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Natural gas Pressure Reducer required for an indoor gas barbeque?

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  • Natural gas Pressure Reducer required for an indoor gas barbeque?

    Previous owner enclosed the back porch and installed an indoor gas barbeque.
    Black pipe comes out of the wall into the divided cabinet below the barbeque.
    The pressure regulator and gas valve takes up much space in the right cabinet.

    The gas shut-off valve can be piped straight up into the YELLOW-coated flexible connector to the barbeque.

    Is a pressure regulator really necesasary?
    Is the gas meter pressure regulator not enough reduction?

    There is a gas shutoff in the floor in the corner of the room (Just like many gas fireplaces have.)
    Must a second shutoff also be in the cabinet below the barbeque?

    Thank you.
    I'd take an educated guess - but I'm unqualified.
    It ain't just soot, it's paydirt.
    "I swear, wherever Gift goes, argument follows." -Youtube comment

  • #2
    Re: Natural gas Pressure Reducer required for an indoor gas barbeque?

    I would think one would be wise to find the manual on the grill, (down load one or contact the manufacture), and see what the pressure it is designed for, and then you need to know what the line pressure is on the gas, line and go from there, (before and after the regulator).

    before i would change any thing I want to find out how it is designed to function (pressures)at and if it is set up right currently,

    the Is a pressure regulator really necessary? really can not be answered with knowing some things, the designed pressure, and the line pressures,

    I understand where your thinking is, but before you tear some thing out and start to change things, you need to know what and why your doing it,
    but I would think that the regulator would be there for a reason,

    and unless one has the proper manometer you most likely will not be able to get a proper reading off the gas lines,

    ~~~~~~~~~~~~~~~~~~~~~~~~~~~~~~~~~~

    Added,

    It may be that the orifices are not correct in the unit and it was there method of adjusting it to the higher altitude thin air, (orifices many times need to be down sizes to the altitude, you at +5000 feet,

    may be wise to bring in some experienced with the type of system and have it checked out,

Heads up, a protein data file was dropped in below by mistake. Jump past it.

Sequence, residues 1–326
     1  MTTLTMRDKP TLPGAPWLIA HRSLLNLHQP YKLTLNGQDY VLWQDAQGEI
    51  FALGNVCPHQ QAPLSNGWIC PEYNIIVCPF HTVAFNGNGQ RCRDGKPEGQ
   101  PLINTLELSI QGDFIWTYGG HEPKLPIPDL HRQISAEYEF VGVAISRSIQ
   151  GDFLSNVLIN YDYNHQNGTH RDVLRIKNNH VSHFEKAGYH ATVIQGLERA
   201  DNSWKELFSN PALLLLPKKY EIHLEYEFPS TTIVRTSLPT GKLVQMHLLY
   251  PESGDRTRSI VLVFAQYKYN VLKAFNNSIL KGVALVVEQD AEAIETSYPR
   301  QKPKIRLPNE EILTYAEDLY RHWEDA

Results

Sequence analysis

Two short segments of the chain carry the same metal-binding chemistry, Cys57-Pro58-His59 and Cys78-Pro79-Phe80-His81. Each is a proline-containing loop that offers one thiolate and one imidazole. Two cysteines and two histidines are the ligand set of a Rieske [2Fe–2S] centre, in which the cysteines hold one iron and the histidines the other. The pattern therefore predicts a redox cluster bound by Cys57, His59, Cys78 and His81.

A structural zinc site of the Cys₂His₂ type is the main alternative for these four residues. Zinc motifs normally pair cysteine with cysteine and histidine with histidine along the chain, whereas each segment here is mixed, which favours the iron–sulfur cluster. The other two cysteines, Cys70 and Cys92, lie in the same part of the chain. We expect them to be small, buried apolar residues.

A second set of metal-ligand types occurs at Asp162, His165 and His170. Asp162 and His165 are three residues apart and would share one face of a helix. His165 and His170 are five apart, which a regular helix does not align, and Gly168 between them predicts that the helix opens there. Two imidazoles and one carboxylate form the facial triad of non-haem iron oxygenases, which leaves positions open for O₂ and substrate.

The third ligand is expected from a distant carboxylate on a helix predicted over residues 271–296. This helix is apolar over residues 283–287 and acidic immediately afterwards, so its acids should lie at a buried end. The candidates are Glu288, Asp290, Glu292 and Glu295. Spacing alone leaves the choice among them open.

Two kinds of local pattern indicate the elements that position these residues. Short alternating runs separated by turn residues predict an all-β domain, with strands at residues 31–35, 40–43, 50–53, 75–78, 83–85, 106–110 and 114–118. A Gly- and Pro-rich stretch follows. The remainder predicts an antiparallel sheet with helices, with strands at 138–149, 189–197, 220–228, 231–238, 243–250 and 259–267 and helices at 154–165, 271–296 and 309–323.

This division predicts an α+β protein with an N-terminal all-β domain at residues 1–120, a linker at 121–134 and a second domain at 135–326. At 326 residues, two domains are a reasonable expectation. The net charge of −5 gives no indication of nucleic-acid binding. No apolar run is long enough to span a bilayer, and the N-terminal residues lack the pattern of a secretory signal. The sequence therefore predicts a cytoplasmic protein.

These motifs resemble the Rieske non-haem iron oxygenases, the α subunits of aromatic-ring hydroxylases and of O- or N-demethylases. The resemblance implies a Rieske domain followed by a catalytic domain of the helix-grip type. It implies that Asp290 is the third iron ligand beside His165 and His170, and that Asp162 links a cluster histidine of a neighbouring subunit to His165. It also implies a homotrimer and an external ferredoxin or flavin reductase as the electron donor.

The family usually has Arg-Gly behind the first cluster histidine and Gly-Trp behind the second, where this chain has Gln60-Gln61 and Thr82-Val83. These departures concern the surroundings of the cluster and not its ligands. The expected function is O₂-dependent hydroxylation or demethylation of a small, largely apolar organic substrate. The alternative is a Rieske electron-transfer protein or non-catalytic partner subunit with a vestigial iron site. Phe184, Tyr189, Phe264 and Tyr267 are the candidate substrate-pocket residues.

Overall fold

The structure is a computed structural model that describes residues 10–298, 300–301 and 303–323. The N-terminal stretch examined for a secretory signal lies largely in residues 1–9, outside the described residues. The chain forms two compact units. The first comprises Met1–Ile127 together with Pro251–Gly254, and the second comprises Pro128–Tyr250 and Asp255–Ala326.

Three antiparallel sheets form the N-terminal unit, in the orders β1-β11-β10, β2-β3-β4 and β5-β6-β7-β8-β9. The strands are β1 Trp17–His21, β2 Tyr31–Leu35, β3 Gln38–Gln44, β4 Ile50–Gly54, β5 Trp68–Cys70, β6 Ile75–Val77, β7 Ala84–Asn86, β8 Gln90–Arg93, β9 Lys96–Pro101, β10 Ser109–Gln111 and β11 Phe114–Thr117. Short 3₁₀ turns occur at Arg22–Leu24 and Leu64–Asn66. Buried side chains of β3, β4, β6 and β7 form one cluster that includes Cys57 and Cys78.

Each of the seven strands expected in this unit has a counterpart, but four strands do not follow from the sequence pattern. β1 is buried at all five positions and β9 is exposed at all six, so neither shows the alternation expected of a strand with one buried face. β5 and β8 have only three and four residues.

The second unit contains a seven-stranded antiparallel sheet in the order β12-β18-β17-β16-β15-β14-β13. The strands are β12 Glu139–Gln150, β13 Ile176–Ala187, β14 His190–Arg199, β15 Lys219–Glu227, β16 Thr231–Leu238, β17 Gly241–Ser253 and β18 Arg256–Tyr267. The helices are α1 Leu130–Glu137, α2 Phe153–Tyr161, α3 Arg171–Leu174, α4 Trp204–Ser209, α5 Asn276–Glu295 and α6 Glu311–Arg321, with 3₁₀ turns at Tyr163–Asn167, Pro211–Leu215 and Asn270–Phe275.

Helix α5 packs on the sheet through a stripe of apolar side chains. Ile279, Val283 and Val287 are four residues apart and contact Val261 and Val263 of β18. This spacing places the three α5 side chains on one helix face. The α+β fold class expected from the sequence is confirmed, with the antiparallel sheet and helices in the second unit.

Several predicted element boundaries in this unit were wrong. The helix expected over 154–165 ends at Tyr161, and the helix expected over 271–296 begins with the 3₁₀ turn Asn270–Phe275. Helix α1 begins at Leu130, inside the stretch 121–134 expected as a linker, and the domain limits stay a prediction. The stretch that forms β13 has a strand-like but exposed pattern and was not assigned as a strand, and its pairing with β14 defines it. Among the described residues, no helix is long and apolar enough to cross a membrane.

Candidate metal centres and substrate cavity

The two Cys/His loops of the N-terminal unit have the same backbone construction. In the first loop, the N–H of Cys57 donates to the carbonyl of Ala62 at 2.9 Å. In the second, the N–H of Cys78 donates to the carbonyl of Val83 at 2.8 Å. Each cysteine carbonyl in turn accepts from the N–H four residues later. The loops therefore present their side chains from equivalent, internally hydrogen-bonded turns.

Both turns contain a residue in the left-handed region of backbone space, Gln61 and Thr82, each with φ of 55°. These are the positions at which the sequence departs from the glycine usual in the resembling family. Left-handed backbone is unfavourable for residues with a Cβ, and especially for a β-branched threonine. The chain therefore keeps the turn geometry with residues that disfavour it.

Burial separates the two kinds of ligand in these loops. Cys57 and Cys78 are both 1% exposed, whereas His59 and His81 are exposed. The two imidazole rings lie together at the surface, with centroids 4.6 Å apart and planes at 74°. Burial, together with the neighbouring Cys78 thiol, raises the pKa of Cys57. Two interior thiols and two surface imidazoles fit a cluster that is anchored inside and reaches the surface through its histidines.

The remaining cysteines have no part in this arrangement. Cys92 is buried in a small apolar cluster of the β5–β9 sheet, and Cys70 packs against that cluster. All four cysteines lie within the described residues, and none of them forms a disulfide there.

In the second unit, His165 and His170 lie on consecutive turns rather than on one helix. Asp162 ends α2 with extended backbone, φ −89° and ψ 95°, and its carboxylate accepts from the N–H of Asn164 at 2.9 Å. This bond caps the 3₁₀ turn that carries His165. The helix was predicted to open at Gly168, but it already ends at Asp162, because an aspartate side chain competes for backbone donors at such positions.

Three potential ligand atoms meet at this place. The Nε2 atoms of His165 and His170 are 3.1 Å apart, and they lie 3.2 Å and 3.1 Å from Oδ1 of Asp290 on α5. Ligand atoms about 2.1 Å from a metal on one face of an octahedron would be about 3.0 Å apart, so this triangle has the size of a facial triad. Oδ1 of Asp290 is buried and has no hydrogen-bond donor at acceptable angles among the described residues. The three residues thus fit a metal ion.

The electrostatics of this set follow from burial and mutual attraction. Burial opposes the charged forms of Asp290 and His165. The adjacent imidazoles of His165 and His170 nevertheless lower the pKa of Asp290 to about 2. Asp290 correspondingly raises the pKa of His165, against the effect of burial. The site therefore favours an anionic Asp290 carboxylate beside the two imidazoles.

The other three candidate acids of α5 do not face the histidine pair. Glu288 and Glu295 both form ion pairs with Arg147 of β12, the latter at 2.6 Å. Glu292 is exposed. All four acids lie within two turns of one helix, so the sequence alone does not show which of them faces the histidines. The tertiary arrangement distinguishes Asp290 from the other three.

I really think you would be wise to get some one who experenced with gas appaliances and can do the calculations on the orifices, and the pressures and see if it is set up correctly and if not get that way,
    Last edited by BHD; 09-29-2012, 06:26 PM.
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    • #3
      Re: Natural gas Pressure Reducer required for an indoor gas barbeque?

      Originally posted by BHD View Post
      I would think one would be wise to find the manual on the grill, (down load one or contact the manufacture), and see what the pressure it is designed for, and then you need to know what the line pressure is on the gas, line and go from there, (before and after the regulator).
      before i would change any thing I want to find out how it is designed to function (pressures)at and if it is set up right currently,
      the Is a pressure regulator really necessary? really can not be answered with knowing some things, the designed pressure, and the line pressures,
      I understand where your thinking is, but before you tear some thing out and start to change things, you need to know what and why your doing it,
      but I would think that the regulator would be there for a reason,
      and unless one has the proper manometer you most likely will not be able to get a proper reading off the gas lines,
      ~~~~~~~~~~~~~~~~~~~~~~~~~~~~~~~~~~
      Added,
      It may be that the orifices are not correct in the unit and it was there method of adjusting it to the higher altitude thin air, (orifices many times need to be down sizes to the altitude, you at +5000 feet,
      may be wise to bring in some experienced with the type of system and have it checked out,
      I really think you would be wise to get some one who experenced with gas appaliances and can do the calculations on the orifices, and the pressures and see if it is set up correctly and if not get that way.
      Thank you.
      Years ago I calculated the orifice of a propane gas mantel lamp (sold for travel trailers) which I illegally installed in my house. I had to drill the orifice hole larger for natural gas. (Can't remember the size but had to buy the drill bit.)

      Is a shutoff required right where the flexible connector attaches?
      I'd take an educated guess - but I'm unqualified.
      It ain't just soot, it's paydirt.
      "I swear, wherever Gift goes, argument follows." -Youtube comment

      Comment

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